This means making sure that internal business processes (like workflow schedules and different departments) are joined-up where they intersect the same customer journey, sharing information and working more effectively in sync between business silos. It also means taking a close look at where these internal processes affect customer interactions on a channel-by-channel basis, and asking some fundamental questions, such as:

Does the customer have a contact preference?
Does the customer prefer to use a specific channel, or have they expressed a preference for frequency (e.g., did they check the “don’t spam me box” on their sign-up form).

Does the push channel have a return channel to enable an end-to-end process?
Does an email reminder link to an online self-service tool? Does a Facebook Messenger post link to a useful chatbot? Does an SMS have a reply function to enable an action? If the push channel doesn’t have a return channel (so it’s a one-way email, SMS, or social media message) is it clear what do do next for the user to complete a task?

Have you understood the customer intent behind information services?
If a customer has signed-up for information or alerts, it is usually to trigger an action, so does your omnichannel process enable actions, e.g., “Your train is delayed” is not as useful as “Your train is delayed, would you like to book an alternative route or get a refund?”

A contact centre agent is best used for complex queries, self-service is better for simple tasks.
A growing number of customers express a preference for self-service tools (usually online). Make sure there is a self-service option for simple tasks, like a web widget or chatbot that could deflect the need for customer calls. This frees-up customer agents to work on more complex customer interactions.

Does the contact agent have a rounded picture of the customer?
Are the agents calling someone who has already received two emails and an SMS and hasn’t responded, or are they receiving a call from someone who has emailed before, or posted on the brand’s Facebook page? Capturing the 360-degree view of each customer’s contact history helps the agent anticipate why the customer is calling, and helps them deliver a better level of customer service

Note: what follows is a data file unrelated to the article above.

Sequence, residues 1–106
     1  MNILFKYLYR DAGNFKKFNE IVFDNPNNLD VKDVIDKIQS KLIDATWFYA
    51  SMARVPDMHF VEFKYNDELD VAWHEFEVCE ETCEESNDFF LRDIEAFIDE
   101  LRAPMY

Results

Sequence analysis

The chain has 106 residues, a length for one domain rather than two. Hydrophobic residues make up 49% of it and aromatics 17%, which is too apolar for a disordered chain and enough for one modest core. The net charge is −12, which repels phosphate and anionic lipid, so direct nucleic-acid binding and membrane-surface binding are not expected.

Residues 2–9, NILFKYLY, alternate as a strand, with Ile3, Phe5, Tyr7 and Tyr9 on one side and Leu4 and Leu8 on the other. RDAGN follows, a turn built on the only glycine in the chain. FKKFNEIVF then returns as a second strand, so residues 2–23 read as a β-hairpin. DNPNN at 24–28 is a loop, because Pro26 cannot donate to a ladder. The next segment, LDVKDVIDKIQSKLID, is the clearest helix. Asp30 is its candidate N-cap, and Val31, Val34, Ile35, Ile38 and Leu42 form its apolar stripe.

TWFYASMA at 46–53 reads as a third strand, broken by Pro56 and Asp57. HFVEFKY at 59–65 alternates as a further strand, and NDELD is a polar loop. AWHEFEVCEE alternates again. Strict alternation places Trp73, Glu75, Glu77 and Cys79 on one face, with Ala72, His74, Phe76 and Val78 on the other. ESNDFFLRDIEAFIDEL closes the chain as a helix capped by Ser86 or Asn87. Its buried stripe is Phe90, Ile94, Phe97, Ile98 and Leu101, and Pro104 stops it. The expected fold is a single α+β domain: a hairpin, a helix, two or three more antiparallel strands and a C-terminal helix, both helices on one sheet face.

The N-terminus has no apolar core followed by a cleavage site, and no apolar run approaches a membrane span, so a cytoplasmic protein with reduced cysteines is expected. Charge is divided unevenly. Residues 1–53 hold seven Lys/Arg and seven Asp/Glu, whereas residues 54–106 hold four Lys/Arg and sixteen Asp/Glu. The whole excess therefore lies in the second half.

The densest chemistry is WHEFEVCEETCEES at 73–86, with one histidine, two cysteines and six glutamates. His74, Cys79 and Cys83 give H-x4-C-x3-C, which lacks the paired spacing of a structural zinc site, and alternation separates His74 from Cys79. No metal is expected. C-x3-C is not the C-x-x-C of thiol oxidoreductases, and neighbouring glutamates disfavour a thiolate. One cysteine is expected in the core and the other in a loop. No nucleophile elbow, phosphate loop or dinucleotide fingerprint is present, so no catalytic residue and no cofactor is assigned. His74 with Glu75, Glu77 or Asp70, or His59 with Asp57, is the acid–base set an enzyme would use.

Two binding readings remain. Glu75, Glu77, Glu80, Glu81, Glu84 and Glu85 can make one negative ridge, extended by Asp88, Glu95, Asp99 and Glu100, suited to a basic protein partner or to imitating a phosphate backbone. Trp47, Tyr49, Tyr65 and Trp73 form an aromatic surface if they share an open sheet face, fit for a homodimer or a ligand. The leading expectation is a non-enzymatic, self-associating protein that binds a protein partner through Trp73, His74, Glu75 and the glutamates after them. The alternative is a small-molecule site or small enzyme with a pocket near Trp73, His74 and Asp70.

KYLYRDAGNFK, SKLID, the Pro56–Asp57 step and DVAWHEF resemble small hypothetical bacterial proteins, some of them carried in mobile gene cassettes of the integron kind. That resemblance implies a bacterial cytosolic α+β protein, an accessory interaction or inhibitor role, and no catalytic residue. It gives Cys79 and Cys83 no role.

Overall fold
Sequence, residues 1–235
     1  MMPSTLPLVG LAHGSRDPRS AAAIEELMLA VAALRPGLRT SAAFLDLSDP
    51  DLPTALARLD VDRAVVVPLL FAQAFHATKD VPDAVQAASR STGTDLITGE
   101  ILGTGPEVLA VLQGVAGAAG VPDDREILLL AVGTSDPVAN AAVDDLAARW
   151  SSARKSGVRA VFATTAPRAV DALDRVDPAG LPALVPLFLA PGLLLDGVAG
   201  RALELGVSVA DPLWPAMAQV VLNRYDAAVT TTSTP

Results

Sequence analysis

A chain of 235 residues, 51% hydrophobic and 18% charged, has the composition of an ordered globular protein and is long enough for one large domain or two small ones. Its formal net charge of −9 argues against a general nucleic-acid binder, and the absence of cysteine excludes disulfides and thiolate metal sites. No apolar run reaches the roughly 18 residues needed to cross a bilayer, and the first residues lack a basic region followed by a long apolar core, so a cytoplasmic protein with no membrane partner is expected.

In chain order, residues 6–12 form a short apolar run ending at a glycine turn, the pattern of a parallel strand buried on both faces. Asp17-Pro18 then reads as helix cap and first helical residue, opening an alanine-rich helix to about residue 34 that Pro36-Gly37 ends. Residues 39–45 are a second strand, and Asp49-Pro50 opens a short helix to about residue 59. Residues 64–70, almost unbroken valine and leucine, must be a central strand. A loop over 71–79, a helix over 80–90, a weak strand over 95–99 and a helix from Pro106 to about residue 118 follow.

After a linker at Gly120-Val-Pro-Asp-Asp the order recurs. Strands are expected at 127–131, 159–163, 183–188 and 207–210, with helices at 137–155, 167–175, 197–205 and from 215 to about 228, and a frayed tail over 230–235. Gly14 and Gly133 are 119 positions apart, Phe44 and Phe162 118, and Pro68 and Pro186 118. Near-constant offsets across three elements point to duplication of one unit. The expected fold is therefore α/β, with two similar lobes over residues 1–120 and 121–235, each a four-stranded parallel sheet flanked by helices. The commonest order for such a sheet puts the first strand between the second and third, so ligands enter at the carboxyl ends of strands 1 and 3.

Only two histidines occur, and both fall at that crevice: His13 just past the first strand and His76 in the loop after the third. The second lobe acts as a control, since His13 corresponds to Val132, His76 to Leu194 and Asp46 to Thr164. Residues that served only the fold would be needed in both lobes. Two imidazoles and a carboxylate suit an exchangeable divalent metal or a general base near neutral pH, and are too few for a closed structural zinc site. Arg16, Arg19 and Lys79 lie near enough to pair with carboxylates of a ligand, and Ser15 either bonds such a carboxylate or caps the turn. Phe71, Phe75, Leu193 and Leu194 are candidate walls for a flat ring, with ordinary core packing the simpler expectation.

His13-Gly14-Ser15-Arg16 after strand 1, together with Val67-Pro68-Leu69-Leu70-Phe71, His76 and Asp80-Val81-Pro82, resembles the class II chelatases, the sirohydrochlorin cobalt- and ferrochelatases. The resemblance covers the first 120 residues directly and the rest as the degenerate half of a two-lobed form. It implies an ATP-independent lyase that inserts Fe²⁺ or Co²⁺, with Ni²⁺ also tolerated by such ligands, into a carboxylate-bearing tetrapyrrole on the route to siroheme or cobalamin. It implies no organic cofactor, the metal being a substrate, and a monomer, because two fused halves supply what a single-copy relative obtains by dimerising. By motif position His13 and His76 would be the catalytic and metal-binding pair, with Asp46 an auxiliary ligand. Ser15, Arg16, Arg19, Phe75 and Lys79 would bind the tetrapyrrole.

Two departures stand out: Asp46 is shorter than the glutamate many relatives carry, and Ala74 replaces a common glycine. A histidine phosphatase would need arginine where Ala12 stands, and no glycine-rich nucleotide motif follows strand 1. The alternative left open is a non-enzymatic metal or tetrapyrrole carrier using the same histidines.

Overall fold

Rethinking processes like this is the essence of modern CX design in the omnichannel era. It explains the value of studying customer journeys to understand the causes of customer frustration, and discovering the ways new systems can – sometimes – cause unexpected increases in customer effort.  

The key to successful omnichannel implementation is to consider the big picture. In each customer contact scenario, the omnichannel platform works most effectively if it’s integrated into a new contact process that uses the strengths of each channel to deliver an end-to-end experience.

The future isn’t channel-centric, it’s human-centric

The key to successful omnichannel implementation is to consider the big picture. In each customer contact scenario, the omnichannel platform works most effectively if it’s integrated into a new contact process that uses the strengths of each channel to deliver an end-to-end experience. Each channel is different, and presents a complex set of possible next-best actions, so it’s important to really understand your users and their preferences to offer relevant, personalized customer experiences. Regardless of how many channels your customers use, and how diverse their preferences are, they all want the same thing, an easy, intuitive customer experience. A deep understanding of the customer, and designing processes around them, is what makes the difference between omni-spam and great omnichannel customer service.